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May 7, 2001 04:41 PM

fantastic Shanghai-nese restaurants in SF (or bay area)??

  • j

I am desperately seeking a really really good shanghai-nese restaurant -- I just moved here from New York City, where there are dozens of excellent ones, and I haven't been able find a replacement here. Can anyone recommend their favorite -- I'm looking for really authentic dishes, like fresh eel, and good red-braised fish dishes so please let me know where I can find them! Thanks.

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  1. There was a posting down below on Shanghai Gourmet in the Pacific East Mall in Richmond. I only had time to try the vegetarian goose, which was fantastic.

    1 Reply
    1. re: Chandavkl

      I had dinner at Shanghai Gourmet in Richmond on monday with Alex Eisler, her husband and 1 year-old daughter. The staff were enchanted by the baby.

      We ordered a bunch of stuff, just to get a good sense of the menu. The vegetarian duck was excellent - light and not leaden, many layers of tofu sheets, well-browned on the outside, and dripping with thick brown oil that did almost taste like duck fat. Our favorite dish was the combo of soybeans, fresh and preserved mustard greens and tofu strips - just hit the right balance with a slight sour/salty note - served hot rather than as a cold appetizer. The Shanghai dumplings had a lot of soup inside, but I felt the wrappers were too thick turning stiff and hard as soon as they started to cool off. The fried braised chunks of sea bass which our waiter had recommended looked so boring and bland when it was plunked down on the table. Lots of goopy white sauce, carrots and snow peas. But the flavor, while mild, was the height of freshness. The braised pork knuckle described as greaseless on the menu turned out to be HALF a ham! I've had better brown sauces and the texture was on the coarse side rather than unctuous. And, the last dish was Shanghai style rice cakes with pork strips and cabbage. I liked the addition of slices of dried mushroom which added a smoky element, however, the rice cakes were too gooey in texture. With steamed rice, this set us back $47 before tax and tip, and we had enough left over to feed two more people. They're running a springtime week day special, with every $25 ordered, you get one free dish. If we'd known this ahead of time we'd have ordered up to get the second free one.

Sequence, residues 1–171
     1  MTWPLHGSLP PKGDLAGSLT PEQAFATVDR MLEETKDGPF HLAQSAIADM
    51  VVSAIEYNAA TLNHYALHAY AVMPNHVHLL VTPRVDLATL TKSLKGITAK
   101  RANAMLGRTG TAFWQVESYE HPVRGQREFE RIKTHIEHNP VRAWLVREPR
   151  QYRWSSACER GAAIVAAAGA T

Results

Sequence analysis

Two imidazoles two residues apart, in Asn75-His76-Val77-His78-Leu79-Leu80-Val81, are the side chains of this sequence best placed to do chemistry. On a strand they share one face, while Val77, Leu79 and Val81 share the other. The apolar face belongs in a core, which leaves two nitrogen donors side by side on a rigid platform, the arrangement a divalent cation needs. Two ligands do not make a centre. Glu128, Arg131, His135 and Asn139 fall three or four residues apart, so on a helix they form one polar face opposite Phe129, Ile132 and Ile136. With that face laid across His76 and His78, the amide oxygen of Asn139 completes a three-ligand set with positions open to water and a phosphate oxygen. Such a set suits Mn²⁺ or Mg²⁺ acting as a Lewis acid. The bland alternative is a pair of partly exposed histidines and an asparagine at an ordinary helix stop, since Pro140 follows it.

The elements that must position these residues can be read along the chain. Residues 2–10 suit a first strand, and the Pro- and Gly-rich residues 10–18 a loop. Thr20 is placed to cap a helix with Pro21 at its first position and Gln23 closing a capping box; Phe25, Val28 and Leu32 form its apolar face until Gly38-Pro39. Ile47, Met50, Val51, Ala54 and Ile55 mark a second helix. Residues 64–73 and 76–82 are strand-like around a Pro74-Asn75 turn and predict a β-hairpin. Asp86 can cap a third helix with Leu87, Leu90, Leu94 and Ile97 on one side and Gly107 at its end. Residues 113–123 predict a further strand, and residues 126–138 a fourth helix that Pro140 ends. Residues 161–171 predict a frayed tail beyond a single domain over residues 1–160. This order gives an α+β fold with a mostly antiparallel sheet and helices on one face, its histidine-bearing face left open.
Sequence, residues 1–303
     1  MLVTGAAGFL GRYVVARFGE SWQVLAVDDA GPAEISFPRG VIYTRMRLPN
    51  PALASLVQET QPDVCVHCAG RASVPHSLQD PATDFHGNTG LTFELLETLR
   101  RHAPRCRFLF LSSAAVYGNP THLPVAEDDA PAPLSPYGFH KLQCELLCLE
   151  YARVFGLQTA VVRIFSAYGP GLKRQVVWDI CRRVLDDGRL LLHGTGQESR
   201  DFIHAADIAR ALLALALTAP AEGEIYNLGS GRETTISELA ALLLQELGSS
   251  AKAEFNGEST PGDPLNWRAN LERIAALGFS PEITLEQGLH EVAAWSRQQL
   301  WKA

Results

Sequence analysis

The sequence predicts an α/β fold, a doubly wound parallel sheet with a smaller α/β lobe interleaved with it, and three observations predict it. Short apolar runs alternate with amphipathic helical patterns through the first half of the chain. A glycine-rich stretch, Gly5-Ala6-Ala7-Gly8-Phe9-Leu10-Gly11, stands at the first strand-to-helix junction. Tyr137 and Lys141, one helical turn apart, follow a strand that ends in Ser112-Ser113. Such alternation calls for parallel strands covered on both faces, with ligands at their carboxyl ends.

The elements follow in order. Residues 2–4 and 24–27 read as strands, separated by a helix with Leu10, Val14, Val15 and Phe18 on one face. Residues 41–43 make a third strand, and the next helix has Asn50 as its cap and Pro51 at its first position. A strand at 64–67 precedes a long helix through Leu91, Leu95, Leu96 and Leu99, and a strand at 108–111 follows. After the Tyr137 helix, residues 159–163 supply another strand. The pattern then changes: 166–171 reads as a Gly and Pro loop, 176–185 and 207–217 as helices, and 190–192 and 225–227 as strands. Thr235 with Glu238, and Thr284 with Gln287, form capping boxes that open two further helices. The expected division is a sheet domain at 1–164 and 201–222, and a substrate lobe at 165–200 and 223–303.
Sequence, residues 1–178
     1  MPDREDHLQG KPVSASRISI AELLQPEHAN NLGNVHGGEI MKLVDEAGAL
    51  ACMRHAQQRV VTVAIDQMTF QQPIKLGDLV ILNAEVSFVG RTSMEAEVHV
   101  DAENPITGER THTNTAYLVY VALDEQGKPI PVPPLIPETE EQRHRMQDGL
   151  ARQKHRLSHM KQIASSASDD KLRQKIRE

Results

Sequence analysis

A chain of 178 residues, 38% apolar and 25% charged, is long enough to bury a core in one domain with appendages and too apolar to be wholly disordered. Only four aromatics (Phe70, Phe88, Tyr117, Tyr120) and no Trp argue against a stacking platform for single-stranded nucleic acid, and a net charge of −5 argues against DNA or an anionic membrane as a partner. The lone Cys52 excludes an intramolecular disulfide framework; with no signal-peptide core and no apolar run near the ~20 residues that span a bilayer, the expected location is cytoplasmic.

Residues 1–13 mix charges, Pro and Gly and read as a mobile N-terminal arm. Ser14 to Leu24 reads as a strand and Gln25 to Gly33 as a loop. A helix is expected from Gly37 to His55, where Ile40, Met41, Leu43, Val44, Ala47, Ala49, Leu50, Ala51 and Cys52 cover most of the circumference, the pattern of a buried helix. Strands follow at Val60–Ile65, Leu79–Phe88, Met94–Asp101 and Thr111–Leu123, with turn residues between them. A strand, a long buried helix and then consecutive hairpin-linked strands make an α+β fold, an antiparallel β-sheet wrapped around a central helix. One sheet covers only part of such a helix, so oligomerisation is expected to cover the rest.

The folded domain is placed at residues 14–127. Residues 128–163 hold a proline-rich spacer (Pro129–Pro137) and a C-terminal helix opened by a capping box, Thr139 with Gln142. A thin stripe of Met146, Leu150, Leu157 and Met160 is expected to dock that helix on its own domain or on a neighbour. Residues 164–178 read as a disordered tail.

I'd definitely go back and experiment more with the menu. The restaurant has another branch in Walnut Creek.

    2. Monday while making the traverse along Mission Blvd. between 680 and 880, spotted this little place in the Lion Plaza shopping center on the corner on Warm Springs Blvd. It's more stripped down than Shanghai Gourmet and they seem to specialize in small dishes with a Chinese language-only menu for weekend mornings. You can order from the menu or, as I did, choose from the prepared foods on display. I focused on the cold dishes since I had a ways to go before my next stop --- the Bai-Yi with Salted Vegetable and Smoked Chicken. This version was the tofu strips and greens sans soy beans. The veggies turned out to be more fresh mustard greens with little salted/pickled ones. But this turned out to the right counterpoint to the smoked chicken (hacked drumstick and thigh) which was pretty salty. These set me back $6.40 and was enough for lunch for two days.

      1 Reply
      1. re: Melanie Wong

        Wanted to mention some of the other interesting things in the cafe's display counter: tofu "spaghetti", hot and spicy intestine, pigs ears, marinated duck tongues (quite a sight en masse!), many vegetables.